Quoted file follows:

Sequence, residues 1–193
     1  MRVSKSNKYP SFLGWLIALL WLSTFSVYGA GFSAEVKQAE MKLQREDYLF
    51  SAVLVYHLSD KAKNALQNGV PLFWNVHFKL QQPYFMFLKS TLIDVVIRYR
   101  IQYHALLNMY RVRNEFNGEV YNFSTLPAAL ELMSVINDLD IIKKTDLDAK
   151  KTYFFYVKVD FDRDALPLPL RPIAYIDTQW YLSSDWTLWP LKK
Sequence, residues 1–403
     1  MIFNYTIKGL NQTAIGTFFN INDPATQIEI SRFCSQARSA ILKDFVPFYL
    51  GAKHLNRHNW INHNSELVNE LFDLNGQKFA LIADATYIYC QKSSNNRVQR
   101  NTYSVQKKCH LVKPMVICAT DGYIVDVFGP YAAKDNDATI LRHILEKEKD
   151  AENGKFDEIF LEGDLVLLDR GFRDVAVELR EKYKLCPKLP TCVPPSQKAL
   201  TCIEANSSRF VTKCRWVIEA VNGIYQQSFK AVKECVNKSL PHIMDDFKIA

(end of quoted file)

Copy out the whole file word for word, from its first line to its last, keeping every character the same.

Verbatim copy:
Sequence, residues 1–193
     1  MRVSKSNKYP SFLGWLIALL WLSTFSVYGA GFSAEVKQAE MKLQREDYLF
    51  SAVLVYHLSD KAKNALQNGV PLFWNVHFKL QQPYFMFLKS TLIDVVIRYR
   101  IQYHALLNMY RVRNEFNGEV YNFSTLPAAL ELMSVINDLD IIKKTDLDAK
   151  KTYFFYVKVD FDRDALPLPL RPIAYIDTQW YLSSDWTLWP LKK
Sequence, residues 1–403
     1  MIFNYTIKGL NQTAIGTFFN INDPATQIEI SRFCSQARSA ILKDFVPFYL
    51  GAKHLNRHNW INHNSELVNE LFDLNGQKFA LIADATYIYC QKSSNNRVQR
   101  NTYSVQKKCH LVKPMVICAT DGYIVDVFGP YAAKDNDATI LRHILEKEKD
   151  AENGKFDEIF LEGDLVLLDR GFRDVAVELR EKYKLCPKLP TCVPPSQKAL
   201  TCIEANSSRF VTKCRWVIEA VNGIYQQSFK AVKECVNKSL PHIMDDFKIA